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George Maurer, reading clerk for the U.S. House of Representatives

November 16, 1962
George Maurer, reading clerk for the U.S. House of Representatives Image courtesy of Library of Congress A Representative from Pennsylvania, Francis “Tad” Walter sponsored George Maurer for the position of House reading clerk.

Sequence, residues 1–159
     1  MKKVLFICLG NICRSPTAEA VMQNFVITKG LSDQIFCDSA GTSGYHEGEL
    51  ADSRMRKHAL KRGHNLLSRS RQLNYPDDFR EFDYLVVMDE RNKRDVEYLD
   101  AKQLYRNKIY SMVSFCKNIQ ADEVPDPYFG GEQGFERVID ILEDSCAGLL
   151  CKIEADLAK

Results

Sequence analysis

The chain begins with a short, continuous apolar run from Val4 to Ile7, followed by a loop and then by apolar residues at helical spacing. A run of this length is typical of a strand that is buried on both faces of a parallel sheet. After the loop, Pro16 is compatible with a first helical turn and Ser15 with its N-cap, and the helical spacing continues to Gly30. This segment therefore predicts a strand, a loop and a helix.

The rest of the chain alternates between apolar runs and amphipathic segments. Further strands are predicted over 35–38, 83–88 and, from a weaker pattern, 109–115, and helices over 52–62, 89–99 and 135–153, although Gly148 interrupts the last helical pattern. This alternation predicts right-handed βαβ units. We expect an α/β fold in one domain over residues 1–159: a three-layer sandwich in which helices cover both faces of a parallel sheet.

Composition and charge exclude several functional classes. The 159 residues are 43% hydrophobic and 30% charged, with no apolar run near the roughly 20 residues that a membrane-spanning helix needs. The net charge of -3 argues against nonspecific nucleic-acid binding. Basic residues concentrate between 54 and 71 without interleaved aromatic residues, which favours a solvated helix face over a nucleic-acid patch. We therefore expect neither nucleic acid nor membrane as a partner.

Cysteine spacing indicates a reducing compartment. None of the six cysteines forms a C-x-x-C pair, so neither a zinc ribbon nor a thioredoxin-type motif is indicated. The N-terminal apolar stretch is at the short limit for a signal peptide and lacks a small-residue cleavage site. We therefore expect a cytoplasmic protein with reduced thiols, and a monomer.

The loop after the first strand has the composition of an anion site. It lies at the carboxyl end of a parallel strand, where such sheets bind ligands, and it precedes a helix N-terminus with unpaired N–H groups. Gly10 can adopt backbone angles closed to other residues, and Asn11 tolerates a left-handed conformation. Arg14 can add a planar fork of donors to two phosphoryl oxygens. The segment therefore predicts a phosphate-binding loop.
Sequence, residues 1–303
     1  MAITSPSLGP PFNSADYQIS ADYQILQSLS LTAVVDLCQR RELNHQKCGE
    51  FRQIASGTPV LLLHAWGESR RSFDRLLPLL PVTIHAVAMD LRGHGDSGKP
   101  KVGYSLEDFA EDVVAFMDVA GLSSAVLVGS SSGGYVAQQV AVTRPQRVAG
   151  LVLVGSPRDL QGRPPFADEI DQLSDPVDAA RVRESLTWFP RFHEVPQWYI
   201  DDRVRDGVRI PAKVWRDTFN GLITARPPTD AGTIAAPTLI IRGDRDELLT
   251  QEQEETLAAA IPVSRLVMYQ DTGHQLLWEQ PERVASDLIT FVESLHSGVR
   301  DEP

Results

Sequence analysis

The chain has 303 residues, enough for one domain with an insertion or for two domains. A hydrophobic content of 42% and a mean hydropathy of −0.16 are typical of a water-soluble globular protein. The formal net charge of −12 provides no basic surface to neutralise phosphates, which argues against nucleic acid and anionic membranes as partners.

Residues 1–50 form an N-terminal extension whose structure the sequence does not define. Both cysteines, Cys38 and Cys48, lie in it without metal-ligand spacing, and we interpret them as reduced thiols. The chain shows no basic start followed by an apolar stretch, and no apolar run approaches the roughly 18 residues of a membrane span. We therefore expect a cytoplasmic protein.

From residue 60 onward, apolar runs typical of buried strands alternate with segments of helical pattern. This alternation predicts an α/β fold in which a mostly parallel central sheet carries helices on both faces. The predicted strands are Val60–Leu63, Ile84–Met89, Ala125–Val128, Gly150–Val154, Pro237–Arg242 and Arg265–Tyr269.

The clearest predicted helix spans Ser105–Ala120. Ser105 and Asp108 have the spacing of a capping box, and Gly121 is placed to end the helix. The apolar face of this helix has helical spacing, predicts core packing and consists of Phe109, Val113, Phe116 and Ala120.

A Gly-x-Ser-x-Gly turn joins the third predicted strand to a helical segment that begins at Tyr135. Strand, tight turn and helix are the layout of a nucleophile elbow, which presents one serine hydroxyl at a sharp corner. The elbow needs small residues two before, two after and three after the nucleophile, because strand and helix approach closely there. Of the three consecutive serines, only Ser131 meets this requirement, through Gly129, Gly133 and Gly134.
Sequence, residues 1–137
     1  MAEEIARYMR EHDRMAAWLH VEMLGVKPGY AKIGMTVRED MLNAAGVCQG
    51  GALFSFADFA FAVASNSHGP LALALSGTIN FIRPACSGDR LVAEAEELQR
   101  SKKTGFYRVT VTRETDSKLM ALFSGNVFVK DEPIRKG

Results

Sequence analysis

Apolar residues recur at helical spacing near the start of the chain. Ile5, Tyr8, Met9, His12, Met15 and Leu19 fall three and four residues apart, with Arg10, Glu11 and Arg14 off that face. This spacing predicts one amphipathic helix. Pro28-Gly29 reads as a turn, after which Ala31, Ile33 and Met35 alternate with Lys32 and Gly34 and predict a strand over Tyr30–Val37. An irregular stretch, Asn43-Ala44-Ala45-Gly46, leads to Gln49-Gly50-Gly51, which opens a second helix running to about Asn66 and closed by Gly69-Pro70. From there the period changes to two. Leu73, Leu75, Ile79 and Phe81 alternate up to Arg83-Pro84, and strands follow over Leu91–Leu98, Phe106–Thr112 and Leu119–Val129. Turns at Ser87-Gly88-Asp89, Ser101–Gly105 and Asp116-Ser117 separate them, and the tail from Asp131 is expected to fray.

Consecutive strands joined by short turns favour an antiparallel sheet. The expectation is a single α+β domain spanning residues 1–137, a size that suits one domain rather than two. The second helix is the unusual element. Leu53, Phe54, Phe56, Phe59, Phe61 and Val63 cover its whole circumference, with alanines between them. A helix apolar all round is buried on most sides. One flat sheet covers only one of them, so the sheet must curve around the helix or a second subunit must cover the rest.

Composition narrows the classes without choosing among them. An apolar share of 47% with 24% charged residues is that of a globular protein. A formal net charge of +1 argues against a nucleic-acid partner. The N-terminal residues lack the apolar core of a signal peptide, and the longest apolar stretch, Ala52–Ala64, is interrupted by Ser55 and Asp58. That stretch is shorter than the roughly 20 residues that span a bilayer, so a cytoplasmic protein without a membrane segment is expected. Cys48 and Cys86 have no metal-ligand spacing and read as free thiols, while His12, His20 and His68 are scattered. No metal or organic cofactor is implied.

On this date, George Maurer, reading clerk for the U. S. House of Representatives for nearly two decades, died at the age of 56. Born in Easton, Pennsylvania, Maurer earned a law degree from George Washington University Law School. In 1939, he accepted a position in the Parliamentarian’s Office for the House of Representatives where he worked with the longtime Parliamentarian, Lewis Deschler. He served in that capacity for three years before becoming a reading clerk for the House in 1943—a position he received through the patronage of Congressman Francis “Tad” Walter, also a native of Easton, Pennsylvania. In the 78th Congress (1943–1945), Maurer joined Alney Chaffee as one of two reading clerks for the House. On the job before the installation of an electronic amplification system on the House Floor, Maurer, known for his deep, clear voice, earned the admiration of Members for his ability to quickly and accurately read the roll call. Described by his colleagues as a “perfectionist” who “was like a machine who never made mistakes,” Maurer read complicated legislation in a timely and easy manner. Maurer also had the unique responsibility of reading the Annual Message addresses before a Joint Session of Congress for President Franklin D. Roosevelt. “George won the friendship and admiration of the Members of the House by his unstinting devotion to his work as well as by the efficient way in which he discharged his responsibilities," Representative Thomas E. Morgan of Pennsylvania recalled upon Maurer’s passing.

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